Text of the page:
Friday, 12/7/18


All good with Dr. Lim as well. Had a slight vertigo attack in exam room, but it was sparked by them adjusting the table. Still fine. I have no complications from the lymph nodes or the breasts. She, too, said it was one of the best outcomes she’s seen. She asked what my girlfriends thought and I realized I didn’t have any kind of celebratory whatever I’m supposed to have. I never showed anyone and just went about my business. Something about this made me sad and just highlighted how isolated I’ve become. I’m trying not to be pitiful, but I’m horribly depressed at times. Anyway, the cancer stuff looks good. I will go back again in six months.

Thursday, 12/6/18


All went well. It was so good to see Dr. Spiegel again. She’s an amazing person and a brilliant doctor. Her staff is incredible as well. She saw nothing to indicate any complications and felt the result was one of the best she’s encountered. I explained that I have some pretty hardcore stabbing pains on occasion which I told her I thought was the Lupus or Fibromyalgia or both. She said that I should get an even more supportive bra and gave me a sheet with options. I will see her again in one year; however, I will go back sooner to help with a promotional video or whatever they need from me.

Wednesday, 6/13/18


The day has come! I have received post-operative clearance from Dr. Spiegel. Tomorrow marks my six-week anniversary of the surgery as well as the standard recovery time.  I will return again in two months to ensure the healing continued and that no new issues have arisen.

I’m wondering if it’s possible to be nostalgic for the time spent with them. Dr. Spiegel is a good soul, a rare breed in the medical field. I have a lot of good doctors; actually, I have some great doctors. But, as with every profession, I suppose, there are some people who are gifted and who happened to choose the field of expertise that suits their gifts best. I think of the many people I’ve come across and think, “They would’ve been a good engineer,” or “Man, they missed their calling as an artist.” I am so thankful that no one will ever say that about Dr. Spiegel. It seems she’s missed nothing, and her patients, her staff, her counterparts… we’re all beneficiaries. Four months ago I was terrified. I was navigating a path for myself and had slumped into a weird state of mind. I remember never being able to walk out of that hospital, that medical building, without hiding my crying face behind Ken’s shoulder as we walked. I crumpled up on the floor of the kitchen with my daughter, not knowing what kind of journey I was on. I had spontaneous fits of fear and anxiety that no one could quell. Every day was some weird cross between paralysis and muscle flexing. Every visit with Dr. Spiegel, or Dr. Lim, or Dr. Patel, felt like another step on the gangplank. Probably the strangest experience of all was that I did absolutely no reading, not an ounce of research on breast cancer, treatment, surgery, reconstruction or recovery. Very unlike me, with my mounds of books and papers on every condition or illness I’ve ever had. I put the word, “TRUST” as my iPhone’s wallpaper in a self-programming effort. The most surprising result happened the day of surgery. One short bout of tears between zen zones. I had accomplished what was, for me, the unthinkable. I was about to be a really good patient.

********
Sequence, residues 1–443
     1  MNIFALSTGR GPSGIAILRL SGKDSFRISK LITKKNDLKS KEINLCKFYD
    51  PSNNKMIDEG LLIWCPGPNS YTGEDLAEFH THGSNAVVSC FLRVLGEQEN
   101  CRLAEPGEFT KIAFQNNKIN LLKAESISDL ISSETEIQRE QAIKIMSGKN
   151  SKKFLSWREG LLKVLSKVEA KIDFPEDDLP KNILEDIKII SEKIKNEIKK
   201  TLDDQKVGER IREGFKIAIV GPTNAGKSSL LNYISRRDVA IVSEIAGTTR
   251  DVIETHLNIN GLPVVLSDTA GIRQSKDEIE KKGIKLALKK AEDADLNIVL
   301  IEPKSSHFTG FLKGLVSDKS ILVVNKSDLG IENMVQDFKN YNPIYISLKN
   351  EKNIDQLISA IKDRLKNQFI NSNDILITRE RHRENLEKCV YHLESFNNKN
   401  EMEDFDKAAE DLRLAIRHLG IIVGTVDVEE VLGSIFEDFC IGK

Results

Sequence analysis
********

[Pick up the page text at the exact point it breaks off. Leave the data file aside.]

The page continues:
So, here we are, six weeks out, cancer free, and I’m receiving my final clearance from the women who’ve mastered the journey for so many. I am so eternally grateful for every single thing I’ve been through. This experience has given me an understanding of what every day heroes are truly like. They study their passion and perfect their service. They’re jam-packed with compassion and hold valuable the lives of others. Sometimes, they even bring people out of their darkest places. How lucky I am.


The brilliant Dr. Aldona Spiegel, me, and Dr. Spiegel’s amazing and lovely PA, Nicole.

Thursday, 5/31/18


The left incision has finally closed and the possibility of another surgery has been eliminated.  Something called a “knot stitch” (used at one end of an incision to create an “anchor” in creating a long line of stitches to close it) was trying to pop through the surface of my skin. I noticed it bulging and felt something sharp as well, but didn’t know what it was. Nicole, Dr. Spiegel’s PA, said that, most of the time, our bodies absorb it, but in my case, my body was trying to push it out. She made a gentle opening and took it out, placed a bandage and that was that. The holes from the drains are still healing, but doing very well. I will return again in two weeks because the swelling on the right hasn’t gone down as much as the left. All normal, they just need to follow closely before they clear me. I can drive again!! Four weeks of being a passenger – not favorable.  I still have to sleep on my back for another couple weeks. Not to be whiny, but I hate that part. I sneak a short side break in here and there, but I always move back, automatically it seems.

Friday, 5/25/18